I'm not sure if I want to keep the 3DS or flip it. I like the idea of having one, but Duncan doesn't seem terribly interested in playing anything with me. I played a game for an hour or so the night I got it, and it's quite uncomfortable for me to hold compared to say a PS4 controller. Since I can get a pretty fair amount for it, maybe I should chalk it up to good fortune and sell it on? Duncan already has his (they're identical) that I can use (albeit being forced to use his Nintendo ID, but I don't think that matters). Not sure yet.
Today we were supposed to head out to Mum and Dad's for a visit, but when Sabriena looked out the window this morning she noted that there was a bunch of water on the driveway. I shrugged and said "it's probably condensation" since the top of the car was covered in it, but she looked again and it was red.
"That's coolant," I thought. Sure enough, the heater tap that's been dripping for a few weeks now (I was going to replace it nearly two weeks ago, but SuperCheap didn't have any in stock because they'd been apparently stolen) looks like it's let go. Under it is completely saturated, there's no coolant in the overflow tank. Damn it.
I filled it back up with some demineralized water and drove to get a new one. They had them in stock, thankfully, so I bought one and another couple of gallons of water to refill it - I'm damn sure not putting any coolant in it until I know it's not going to leak out!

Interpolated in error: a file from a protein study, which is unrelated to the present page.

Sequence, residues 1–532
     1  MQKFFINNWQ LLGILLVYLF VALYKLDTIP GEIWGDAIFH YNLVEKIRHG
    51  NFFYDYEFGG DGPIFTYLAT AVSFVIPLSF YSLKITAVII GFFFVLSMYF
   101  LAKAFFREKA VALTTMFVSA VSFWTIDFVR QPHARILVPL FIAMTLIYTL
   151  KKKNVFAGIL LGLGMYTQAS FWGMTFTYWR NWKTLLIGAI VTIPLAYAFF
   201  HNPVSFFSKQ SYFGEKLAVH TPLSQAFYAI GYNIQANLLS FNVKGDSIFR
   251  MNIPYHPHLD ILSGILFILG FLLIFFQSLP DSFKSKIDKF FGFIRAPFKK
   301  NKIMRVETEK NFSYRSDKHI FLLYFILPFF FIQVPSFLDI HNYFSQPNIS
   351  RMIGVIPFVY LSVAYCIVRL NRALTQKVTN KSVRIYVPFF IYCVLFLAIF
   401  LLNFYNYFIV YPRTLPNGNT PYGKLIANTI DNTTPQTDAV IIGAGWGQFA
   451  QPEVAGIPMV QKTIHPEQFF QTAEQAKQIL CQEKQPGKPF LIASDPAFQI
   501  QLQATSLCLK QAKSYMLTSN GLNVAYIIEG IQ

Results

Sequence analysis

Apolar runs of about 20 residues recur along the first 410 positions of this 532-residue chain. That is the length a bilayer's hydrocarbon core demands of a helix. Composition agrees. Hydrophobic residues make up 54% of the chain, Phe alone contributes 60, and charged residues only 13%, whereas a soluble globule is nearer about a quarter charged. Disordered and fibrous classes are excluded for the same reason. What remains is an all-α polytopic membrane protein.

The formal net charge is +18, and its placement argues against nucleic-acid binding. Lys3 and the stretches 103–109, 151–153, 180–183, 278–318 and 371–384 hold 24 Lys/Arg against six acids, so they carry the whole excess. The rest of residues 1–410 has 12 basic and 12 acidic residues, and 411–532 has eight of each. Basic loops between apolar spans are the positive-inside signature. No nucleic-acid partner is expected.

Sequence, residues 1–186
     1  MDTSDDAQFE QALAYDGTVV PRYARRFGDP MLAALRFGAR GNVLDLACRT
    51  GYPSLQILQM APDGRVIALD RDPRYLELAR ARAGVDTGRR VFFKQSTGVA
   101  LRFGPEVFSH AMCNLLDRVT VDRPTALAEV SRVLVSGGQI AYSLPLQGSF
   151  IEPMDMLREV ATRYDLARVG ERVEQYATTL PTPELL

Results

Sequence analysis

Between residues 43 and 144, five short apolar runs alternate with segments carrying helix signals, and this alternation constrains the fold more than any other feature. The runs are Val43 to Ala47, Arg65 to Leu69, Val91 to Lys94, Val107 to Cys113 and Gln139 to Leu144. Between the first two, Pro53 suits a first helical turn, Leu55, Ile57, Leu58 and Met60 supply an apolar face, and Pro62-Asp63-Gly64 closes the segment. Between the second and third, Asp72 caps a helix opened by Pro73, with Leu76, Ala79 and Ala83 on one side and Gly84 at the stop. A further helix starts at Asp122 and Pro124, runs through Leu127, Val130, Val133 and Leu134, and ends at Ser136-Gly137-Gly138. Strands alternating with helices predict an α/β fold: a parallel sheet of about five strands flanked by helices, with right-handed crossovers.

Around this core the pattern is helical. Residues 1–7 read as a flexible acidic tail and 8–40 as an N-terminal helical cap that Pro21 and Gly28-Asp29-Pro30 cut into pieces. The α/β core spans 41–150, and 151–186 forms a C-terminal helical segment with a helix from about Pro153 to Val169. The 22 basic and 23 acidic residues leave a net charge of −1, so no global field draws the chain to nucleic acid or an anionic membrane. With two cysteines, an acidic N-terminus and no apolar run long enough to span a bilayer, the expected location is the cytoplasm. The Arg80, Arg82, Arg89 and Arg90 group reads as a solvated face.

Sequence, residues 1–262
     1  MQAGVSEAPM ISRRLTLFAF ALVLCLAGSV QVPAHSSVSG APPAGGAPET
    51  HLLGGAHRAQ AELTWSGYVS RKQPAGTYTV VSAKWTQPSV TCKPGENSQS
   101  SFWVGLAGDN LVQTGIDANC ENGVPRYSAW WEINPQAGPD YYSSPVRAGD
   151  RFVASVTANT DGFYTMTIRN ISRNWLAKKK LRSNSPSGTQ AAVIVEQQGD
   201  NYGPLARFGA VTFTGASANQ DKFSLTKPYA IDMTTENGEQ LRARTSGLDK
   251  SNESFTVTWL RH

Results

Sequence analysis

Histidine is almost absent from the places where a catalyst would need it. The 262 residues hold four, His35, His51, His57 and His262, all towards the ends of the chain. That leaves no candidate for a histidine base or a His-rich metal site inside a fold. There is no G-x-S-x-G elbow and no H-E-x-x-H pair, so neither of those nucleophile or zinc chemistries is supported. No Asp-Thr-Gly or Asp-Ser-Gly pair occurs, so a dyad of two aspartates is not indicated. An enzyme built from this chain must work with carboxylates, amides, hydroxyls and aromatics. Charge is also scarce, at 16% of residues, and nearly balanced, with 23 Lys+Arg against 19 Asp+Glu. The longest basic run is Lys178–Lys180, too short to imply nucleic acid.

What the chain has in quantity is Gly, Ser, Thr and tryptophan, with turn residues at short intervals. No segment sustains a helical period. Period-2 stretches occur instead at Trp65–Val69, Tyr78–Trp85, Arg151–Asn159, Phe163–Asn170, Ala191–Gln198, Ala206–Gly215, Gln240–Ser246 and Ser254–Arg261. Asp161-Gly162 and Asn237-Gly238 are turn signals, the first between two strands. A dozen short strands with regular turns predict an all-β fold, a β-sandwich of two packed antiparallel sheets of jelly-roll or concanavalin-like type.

I then spent the next couple of hours doing it. It's not a terribly involved job: easy enough to get to, four house clamps and it pops right off as it's only clipped to the body. Unfortunately though, because of the heat the fittings crumbled apart as I tried to remove them. I went to remove one piece of hose because bits of crumbled plastic fell into it, and the plastic "tee" fitting it was connected to crumbled as well. I thought I was going to have to chase leaks all over the place, but I got that fitting off without further incident.
But how to replace it? The car can't go anywhere. I had to get my bicycle out of the shed and ride it up to get a replacement, at a cool twenty bucks and in ~36C heat no less. I got home, replaced everything rather trivially, refilled it with water and bled the system out. Took it for a test run, and everything's dry, so I shut it down for the night.
Update: The next morning, everything's still dry, the coolant level is about a CM down from the cold-fill line. I left it there, and on Tuesday morning when we took Duncan to school it's still there, so filled it to the cold-fill line. No more leaks, for the time being.